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My Younger Self

Here’s how I found love & acceptance for my traditional Asian mother

“Are you hungry?”

Without missing a beat, every time I see my mother, her first question to me has always been about my appetite and last meal.

“What did you eat today?”

Growing up, we never talked about sex, relationships, or love. Like most Asian households, sex was taboo, career was prioritized over relationships, and physical affection was a foreign concept. Not even after coming out to my Taiwanese immigrant mother did it prompt any questions about my romantic life.

In fact, my truth had left her speechless. “How could this be? This isn’t right.” After uncertainty and disbelief upon coming out, we had returned to the familiar silence once again. Though I could tell she was hurt and distraught, we have never spoken about it since then.

Not even after coming out to my Taiwanese immigrant mother did it prompt any questions about my romantic life.

From what I had seen online and in movies, coming out looked like it was going to have a happy ending. Even the most complex narratives between parents and children often ended with a defeat of intolerance, jubilant hugs, and tears of joy. I was heartbroken to be living in an alternate reality.

For many years, I struggled to make peace with the silence that followed. My relationship with my mother grew more distant and argumentative. The anger, bitterness, and resentment were only masking the deep sadness clenched within my heart.

It wasn’t until I had taken an extensive trip with my mother to her hometown in rural south Taiwan that shifted my perspective. After taking a long train ride across the length of Taiwan, I was finally in the southern countryside to learn more about my family’s history.

My relationship with my mother grew more distant and argumentative. The anger, bitterness, and resentment were only masking the deep sadness clenched within my heart.

For the first time in my adult life, I saw the rough neighborhood that had shaped my mother. Even after decades of economic and social progress flourishing around the country, what I saw around me were shuttered buildings, poorly managed dirt roads, and discolored signposts. The family farm where she had grown up alongside twelve other siblings was now a barren plot of land, forgotten about as many of her siblings had become too old to care for it.

Here, education was a luxury, and worldly experience was unheard of. While having dinner with my aunts and uncles, we struggled to find topics to discuss that were outside of their local television and radio programming. Our conversations would always come back to food. The only thing we shared was right in front of us.

For the first time in my adult life, I saw the rough neighborhood that had shaped my mother.

Upon exploring the town, there were no gay bars or queer spaces. In the magazines and television channels I flipped through in my leisure, there was no queer representation. Even though Taiwan had been the first country in Asia to legalize same-sex partnerships in 2019, local queer awareness was still far behind. (To put it into perspective, same-sex relationships are still criminalized in many parts of Asia.)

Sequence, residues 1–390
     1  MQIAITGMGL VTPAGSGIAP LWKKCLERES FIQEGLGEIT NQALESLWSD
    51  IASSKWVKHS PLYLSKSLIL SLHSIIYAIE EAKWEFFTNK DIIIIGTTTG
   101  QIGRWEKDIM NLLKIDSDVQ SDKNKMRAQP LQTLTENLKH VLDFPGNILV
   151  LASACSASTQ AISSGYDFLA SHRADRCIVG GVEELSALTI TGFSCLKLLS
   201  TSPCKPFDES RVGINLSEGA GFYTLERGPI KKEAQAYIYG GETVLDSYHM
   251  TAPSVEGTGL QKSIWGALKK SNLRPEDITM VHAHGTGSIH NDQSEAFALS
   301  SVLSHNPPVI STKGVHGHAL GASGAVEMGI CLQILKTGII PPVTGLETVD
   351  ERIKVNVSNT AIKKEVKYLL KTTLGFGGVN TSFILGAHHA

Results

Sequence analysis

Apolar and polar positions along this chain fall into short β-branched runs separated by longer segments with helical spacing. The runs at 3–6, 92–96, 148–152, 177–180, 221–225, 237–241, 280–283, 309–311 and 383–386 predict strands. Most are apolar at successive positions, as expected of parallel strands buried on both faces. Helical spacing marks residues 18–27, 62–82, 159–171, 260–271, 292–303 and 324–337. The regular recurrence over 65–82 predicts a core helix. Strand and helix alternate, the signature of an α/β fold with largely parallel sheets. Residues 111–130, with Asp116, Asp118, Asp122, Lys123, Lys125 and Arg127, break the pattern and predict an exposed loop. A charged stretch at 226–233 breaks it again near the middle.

During this visit, I was filled with immense empathy for my mother. While I was free to experience and adopt a new set of values in America, she did not have the same opportunity growing up. In immigrating to America, unbeknownst to her, she would grant me the ability to break generational conservative beliefs that she was unable to herself. My mother had granted me the ability to live my truth far beyond the things I had initially envied in western media.

It was then I had also come to realize that withholding love was a zero-sum game. The distancing, anger, and sadness was never going to unlock the love I was desperately seeking. For the first time, I started to understand the true meaning of unconditional love – the acceptance of my conservative mother for who she is, rather than what she believed.

Up until then, I had an expectation to be loved unconditionally, even before I was willing to do so myself. By acknowledging my own difficulty and reluctance in the process, I was able to find compassion for the dissonance that split our two worlds apart.

I did not have to approve of the conservative beliefs to have love for my mother who worked tirelessly to support my sister and me as a single parent. Even if we didn’t have a conversation about sex, romance, or relationship, I understood the love she had was invested into working long hours to ensure that we never hungry or homeless.

Surprisingly, the biggest revelation was that in finding unconditional love for my conservative mother, I began to unearth unconditional love for myself. It led me to a deep sense of compassion of my own journey to find love that was unlike what I expected from movies or stories I’ve discovered online. 

Just because things may be different from what’s expected, it does not lessen what already exists. For me, it was the experience to live my truth in a world that my mother had unknowingly gifted me. And for that, I am so grateful.

Perhaps one day, my mother will come to accept my truth. 

But in the meantime, when she asks “have you eaten?”

I’ll whisper to myself,

“I am very full. Very full of love.”

“Love you, Mom.”


Steven Wakabayashi is a second-generation Japanese-Taiwanese-American, creating content and spaces for queer Asians in New York City. He is the host of Yellow Glitter, a podcast on mindfulness for queer Asians, and shares a weekly newsletter of his projects on Mindful Moments. You can find him on Instagram, Twitter, and Facebook.

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